1. $$\mathcal{E}$$ is completely positive if and only if there are $$A_1,\dots,A_r$$ where $$\mathcal{E}=\Phi(X_1,\dots,X_r)$$.

2. If $$\mathcal{E}$$ is defined by letting $$\mathcal{E}(X)=A_1XB_1^*+\dots+A_rXB_r^*$$, then $$\mathcal{E}$$ is trace preserving if and only if $$A_1^*B_1+\dots+A_r^*B_r=1_V$$.

A quantum channel is a completely positive trace preserving operator $$\mathcal{E}:L(V)\rightarrow L(W)$$. In quantum information theory, the quantum channels are the main morphisms between quantum states.

Proposition: If $$\mathcal{E}$$ is a quantum channel, then $$\rho(\mathcal{E})=1$$.

Let $$K_{d,r}$$ be the collection of all tuples $$(X_1,\dots,X_r)\in M_{d}(\mathbb{C})^r$$ such that $$X_1^*X_1+\dots+X_r^*X_r=1_d$$. Said differently, $$K_{d,r}$$ is the collection of all tuples $$(X_1,\dots,X_r)\in M_{d}(\mathbb{C})^r$$ such that $$\Phi(X_1,\dots,X_r)$$ is a quantum channel. The set $$K_{d,r}$$ is clearly a closed set, and $$K_{d,r}$$ is bounded since $$d=\text{Tr}(X_1^*X_1+\dots+X_r^*X_r)=\|X_1\|_2^2+\dots+\|X_r\|_2^2$$ where $$\|\cdot\|_2$$ denotes the Frobenius norm, so $$K_{d,r}$$ is compact.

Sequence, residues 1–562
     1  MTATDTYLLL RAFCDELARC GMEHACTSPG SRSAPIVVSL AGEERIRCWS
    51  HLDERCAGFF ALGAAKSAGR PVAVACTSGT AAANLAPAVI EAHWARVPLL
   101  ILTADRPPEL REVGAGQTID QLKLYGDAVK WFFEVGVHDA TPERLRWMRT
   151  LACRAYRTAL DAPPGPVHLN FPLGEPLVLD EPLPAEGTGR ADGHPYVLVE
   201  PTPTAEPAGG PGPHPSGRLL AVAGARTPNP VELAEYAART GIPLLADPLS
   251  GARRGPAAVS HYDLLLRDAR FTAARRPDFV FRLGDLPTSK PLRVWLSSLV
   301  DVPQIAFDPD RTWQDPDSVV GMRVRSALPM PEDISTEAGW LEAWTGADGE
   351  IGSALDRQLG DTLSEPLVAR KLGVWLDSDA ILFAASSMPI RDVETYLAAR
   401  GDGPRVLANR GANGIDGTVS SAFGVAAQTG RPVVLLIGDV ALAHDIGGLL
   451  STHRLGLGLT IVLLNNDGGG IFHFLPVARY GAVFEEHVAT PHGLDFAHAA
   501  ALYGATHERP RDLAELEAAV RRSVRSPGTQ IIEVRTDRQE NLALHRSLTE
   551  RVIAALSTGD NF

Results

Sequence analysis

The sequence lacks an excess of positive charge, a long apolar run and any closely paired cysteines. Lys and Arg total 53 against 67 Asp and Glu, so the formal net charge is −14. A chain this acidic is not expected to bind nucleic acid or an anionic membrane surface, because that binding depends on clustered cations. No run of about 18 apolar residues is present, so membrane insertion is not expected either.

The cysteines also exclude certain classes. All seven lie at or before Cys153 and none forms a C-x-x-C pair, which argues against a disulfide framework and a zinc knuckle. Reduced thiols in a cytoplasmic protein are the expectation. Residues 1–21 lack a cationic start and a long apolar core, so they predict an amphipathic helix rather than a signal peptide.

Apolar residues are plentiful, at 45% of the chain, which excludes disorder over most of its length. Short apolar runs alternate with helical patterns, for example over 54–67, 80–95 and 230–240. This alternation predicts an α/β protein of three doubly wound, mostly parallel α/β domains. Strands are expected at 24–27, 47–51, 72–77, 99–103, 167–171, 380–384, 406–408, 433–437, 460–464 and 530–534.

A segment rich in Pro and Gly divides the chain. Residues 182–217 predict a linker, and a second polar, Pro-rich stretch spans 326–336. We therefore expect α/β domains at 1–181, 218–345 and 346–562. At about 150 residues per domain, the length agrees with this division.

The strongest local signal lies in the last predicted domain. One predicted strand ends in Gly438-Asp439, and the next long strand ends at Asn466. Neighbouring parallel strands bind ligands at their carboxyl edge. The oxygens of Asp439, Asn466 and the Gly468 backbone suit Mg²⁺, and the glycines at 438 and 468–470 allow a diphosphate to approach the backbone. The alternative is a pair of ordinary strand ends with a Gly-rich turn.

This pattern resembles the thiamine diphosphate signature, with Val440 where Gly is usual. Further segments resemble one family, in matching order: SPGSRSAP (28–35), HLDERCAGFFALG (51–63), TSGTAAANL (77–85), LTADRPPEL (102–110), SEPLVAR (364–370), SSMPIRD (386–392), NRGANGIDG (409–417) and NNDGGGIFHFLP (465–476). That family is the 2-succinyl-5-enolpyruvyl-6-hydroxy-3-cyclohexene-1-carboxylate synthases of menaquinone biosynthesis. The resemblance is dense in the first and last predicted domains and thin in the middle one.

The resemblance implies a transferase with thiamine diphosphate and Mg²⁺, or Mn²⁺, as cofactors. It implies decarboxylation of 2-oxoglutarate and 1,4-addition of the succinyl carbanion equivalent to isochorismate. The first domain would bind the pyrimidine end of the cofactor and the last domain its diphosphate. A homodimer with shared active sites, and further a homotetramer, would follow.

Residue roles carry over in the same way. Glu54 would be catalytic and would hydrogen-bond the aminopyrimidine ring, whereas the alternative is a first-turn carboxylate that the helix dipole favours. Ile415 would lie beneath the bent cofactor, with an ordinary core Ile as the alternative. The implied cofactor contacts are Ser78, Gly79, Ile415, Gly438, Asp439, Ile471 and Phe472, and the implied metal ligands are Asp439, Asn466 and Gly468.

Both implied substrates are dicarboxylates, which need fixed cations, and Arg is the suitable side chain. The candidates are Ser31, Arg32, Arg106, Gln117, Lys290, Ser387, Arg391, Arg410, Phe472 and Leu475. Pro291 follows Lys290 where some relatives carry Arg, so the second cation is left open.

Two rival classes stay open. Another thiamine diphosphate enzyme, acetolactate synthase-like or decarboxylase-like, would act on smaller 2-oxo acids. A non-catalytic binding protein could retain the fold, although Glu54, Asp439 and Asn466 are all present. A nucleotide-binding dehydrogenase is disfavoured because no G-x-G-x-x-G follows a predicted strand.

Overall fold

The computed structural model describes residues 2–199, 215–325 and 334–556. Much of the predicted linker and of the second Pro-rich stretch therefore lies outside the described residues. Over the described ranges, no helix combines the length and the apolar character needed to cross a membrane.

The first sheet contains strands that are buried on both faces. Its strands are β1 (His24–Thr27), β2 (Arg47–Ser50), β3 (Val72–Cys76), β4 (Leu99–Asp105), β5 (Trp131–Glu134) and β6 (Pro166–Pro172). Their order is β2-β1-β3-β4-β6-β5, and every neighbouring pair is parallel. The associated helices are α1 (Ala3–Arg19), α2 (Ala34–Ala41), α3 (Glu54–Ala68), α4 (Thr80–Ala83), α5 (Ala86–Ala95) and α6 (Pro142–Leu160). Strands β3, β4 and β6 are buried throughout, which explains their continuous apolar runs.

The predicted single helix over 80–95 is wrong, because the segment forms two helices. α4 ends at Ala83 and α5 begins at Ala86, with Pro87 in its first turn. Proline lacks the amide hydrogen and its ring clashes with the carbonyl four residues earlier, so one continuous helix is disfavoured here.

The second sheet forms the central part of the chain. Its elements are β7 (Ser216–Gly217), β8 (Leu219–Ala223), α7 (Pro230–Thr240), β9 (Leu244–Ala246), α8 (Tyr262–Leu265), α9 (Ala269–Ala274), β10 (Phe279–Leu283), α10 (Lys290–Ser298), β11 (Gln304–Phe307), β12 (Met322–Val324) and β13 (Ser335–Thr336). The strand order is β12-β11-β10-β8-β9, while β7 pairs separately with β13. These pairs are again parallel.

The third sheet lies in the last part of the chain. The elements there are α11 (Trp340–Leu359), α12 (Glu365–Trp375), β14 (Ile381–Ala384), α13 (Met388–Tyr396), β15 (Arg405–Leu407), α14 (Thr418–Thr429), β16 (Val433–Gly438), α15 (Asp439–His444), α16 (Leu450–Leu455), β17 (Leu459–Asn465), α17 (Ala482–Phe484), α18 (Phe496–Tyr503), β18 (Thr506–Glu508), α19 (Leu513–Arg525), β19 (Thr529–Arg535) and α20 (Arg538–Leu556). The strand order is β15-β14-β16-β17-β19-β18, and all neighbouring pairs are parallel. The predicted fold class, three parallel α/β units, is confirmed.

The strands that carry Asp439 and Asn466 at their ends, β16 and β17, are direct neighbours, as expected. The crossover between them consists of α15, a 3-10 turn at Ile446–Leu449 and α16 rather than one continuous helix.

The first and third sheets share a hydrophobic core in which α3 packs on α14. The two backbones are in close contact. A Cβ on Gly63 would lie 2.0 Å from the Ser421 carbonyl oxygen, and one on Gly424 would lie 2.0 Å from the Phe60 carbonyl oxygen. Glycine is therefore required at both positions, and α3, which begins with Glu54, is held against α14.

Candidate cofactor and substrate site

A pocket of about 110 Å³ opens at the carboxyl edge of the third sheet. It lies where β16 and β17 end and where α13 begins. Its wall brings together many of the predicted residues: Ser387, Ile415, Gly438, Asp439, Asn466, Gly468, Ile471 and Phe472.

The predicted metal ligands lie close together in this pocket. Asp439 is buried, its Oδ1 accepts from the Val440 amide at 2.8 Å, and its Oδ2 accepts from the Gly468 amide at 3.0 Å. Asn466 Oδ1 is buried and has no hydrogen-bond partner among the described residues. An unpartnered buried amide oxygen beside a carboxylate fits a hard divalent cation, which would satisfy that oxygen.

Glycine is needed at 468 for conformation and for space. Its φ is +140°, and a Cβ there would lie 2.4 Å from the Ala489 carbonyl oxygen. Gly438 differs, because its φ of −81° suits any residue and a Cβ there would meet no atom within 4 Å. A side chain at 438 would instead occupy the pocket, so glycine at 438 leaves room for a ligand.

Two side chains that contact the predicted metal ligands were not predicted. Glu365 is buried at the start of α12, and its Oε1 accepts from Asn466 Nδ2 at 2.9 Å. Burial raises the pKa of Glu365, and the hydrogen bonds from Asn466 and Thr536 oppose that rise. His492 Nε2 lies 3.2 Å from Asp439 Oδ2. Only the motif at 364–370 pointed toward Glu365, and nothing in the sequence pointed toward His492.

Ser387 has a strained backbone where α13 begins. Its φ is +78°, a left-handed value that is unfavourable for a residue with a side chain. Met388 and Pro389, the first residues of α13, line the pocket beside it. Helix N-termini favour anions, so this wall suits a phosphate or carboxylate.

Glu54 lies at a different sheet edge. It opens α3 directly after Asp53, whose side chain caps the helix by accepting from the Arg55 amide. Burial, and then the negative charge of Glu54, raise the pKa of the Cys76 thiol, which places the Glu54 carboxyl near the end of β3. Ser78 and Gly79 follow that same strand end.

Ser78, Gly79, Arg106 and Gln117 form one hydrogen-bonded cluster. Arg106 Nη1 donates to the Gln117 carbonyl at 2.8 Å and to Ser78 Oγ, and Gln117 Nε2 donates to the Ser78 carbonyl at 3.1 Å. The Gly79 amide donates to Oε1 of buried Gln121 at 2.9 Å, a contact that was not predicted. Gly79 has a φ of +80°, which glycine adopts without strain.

Lemma: Let $$A_1,\dots,A_r\in L(V)$$. Suppose that there is no $$x\in V\setminus\{0\}$$ with $$A_1x=\dots=A_rx=0$$. Furthermore, suppose that there is no subspace $$W\subseteq V$$ with $$W\neq\{0\},W\neq V$$, and $$W=A_1[W]+\dots+A_r[W]$$. Then there is a $$\lambda>0$$ along with a positive definite $$P$$ with $$\Phi(A_1,\dots,A_r)(P)=\lambda P$$.